Sleep Disorders At least 40 million Americans each year suffer from chronic, long-term sleep disorders, and an additional 20 million experience occasional sleep problems. Neurofeedback is a powerful tool for regulating sleep. Health professionals around the world report significant improvement in a large percentage of their clients using neurofeedback to treat chronic, long term sleep problems.
What are the most commonly reported sleep issues that improve with neurofeedback training?
Insomnia – Difficulty falling asleep; difficulty maintaining sleep during the night
Difficulty waking from sleep
Difficulty getting to bed
Not feeling rested after sleep
Sleeping too long (over 10 hours)
Physically restless sleep
Bedwetting (Nocturnal enuresis)
Restless leg syndrome – Leg discomfort or sleep causing movement & arousal
Bruxism – teeth grinding during sleep
Sleep terrors – Abrupt arousal with intense fear, difficult to awaken, no dream recall or memory of event
Many of the conditions helped with EEG biofeedback are correlated with disorders of sleep. These include epilepsy, anxiety and depression, closed head injury, hyperactivity and attention deficit disorder, chronic pain and fibromyalgia, Tourette’s syndrome. Even when poor sleep is not the cause for referral for biofeedback, it is often mentioned as a problem during the intake interview. The first reported signs of change upon initiating EEG training often relate to the quality of sleep. We believe that the principal mechanism of efficacy of EEG training is that it normalizes self-regulation of physiological arousal, and the beneficial effects of the training on sleep can be explained in the same manner. When self-regulation is deficient, this should be apparent when arousal level is least tightly regulated, i.e. during sleep in general, and during transitions between sleep stages in particular. Nothing so cogently demonstrates that EEG biofeedback confers a new competence to the brain–as opposed to a consciously applied tool to the patient–than its efficacy in remediating disorders of sleep.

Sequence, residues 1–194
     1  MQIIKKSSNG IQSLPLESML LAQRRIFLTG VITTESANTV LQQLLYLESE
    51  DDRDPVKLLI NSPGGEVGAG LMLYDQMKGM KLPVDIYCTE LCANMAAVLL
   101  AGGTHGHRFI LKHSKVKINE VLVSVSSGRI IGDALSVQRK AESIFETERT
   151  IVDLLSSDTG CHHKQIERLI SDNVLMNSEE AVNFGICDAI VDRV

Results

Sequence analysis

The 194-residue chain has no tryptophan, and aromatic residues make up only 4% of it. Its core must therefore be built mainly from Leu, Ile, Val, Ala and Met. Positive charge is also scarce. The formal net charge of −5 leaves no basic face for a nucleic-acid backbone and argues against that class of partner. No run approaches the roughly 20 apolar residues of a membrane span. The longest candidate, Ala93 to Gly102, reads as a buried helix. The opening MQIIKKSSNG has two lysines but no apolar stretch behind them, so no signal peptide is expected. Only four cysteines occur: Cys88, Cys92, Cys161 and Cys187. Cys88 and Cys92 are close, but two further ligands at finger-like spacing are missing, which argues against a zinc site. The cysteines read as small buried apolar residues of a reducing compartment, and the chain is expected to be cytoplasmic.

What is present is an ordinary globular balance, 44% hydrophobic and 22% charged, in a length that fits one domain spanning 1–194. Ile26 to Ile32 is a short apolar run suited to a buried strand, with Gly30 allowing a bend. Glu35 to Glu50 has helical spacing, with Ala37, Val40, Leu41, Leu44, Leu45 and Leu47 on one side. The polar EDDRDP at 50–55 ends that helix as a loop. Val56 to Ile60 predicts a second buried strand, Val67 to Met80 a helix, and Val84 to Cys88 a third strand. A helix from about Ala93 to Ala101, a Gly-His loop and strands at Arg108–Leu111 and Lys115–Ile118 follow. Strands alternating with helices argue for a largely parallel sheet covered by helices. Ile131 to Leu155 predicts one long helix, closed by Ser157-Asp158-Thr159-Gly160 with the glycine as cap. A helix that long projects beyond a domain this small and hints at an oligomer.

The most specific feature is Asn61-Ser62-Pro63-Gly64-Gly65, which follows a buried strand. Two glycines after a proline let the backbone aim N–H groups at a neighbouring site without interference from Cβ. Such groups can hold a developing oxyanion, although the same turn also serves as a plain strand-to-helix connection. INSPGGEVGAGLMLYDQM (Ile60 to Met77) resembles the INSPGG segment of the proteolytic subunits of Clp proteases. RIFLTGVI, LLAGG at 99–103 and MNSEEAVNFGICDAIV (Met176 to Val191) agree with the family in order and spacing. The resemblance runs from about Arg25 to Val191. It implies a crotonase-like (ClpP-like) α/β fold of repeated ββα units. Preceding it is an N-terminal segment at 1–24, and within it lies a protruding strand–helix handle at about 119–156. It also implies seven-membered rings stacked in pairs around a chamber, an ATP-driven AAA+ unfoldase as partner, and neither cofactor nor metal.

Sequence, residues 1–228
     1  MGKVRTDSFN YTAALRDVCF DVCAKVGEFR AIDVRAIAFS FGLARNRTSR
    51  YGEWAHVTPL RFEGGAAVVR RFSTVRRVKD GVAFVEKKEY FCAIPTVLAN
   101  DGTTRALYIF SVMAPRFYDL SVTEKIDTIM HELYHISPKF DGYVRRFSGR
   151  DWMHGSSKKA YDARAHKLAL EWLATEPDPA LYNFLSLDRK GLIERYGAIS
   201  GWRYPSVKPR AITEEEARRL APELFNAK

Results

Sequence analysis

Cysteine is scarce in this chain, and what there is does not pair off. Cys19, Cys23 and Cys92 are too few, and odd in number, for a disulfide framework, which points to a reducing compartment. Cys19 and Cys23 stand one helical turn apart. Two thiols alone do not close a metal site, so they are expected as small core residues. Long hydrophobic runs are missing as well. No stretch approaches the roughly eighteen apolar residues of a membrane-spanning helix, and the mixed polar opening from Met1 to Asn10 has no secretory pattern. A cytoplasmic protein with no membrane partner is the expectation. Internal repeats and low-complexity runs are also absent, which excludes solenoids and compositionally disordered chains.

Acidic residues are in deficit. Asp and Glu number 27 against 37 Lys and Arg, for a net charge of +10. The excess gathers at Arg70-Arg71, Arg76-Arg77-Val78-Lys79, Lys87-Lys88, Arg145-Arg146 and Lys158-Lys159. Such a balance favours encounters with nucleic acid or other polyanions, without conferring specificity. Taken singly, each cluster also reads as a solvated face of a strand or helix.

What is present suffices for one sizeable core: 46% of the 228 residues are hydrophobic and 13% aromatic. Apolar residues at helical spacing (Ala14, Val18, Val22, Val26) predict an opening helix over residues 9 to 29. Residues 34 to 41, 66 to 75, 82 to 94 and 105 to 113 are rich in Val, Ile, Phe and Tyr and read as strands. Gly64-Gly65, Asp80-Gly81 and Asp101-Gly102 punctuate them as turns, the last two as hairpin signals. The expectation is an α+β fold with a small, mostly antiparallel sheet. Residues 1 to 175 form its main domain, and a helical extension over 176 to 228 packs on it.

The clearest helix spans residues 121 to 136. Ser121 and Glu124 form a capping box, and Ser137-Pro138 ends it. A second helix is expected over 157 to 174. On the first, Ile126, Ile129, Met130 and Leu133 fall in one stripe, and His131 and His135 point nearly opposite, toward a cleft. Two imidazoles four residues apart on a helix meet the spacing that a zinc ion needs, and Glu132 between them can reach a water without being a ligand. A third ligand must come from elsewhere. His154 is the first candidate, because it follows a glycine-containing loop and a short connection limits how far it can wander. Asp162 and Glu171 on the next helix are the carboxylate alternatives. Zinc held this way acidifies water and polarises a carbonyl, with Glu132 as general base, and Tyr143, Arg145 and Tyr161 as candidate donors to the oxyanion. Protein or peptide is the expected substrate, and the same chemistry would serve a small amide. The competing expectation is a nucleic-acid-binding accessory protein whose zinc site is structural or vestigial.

Bedwetting is among the most common symptoms seen in our clinical population, which consists largely of persons with attentional deficits (bedwetting is seen in 30% of institutionalized children; i.e. there is a high correlation with minor neurological deficits). In more than 90% of children under twelve with this condition, remediation is expected within the first twenty sessions of training. In older children and in adults, the problem is more resistant to remediation. It may take more training sessions than in younger children. We have seen much lower incidence of sleep walking, sleep talking, and night terrors. However, remediation is also observed for these conditions. Excessive fears about falling asleep, or about sleeping in one’s own bed, usually remediate very quickly with the onset of training.
There is an intimate connection of insomnia with disorders of arousal such as anxiety and depression. The success of EEG training in effecting improved self-regulation of arousal should, therefore, be expected to result in improved regulation of sleep in these cases, and that is what we observe.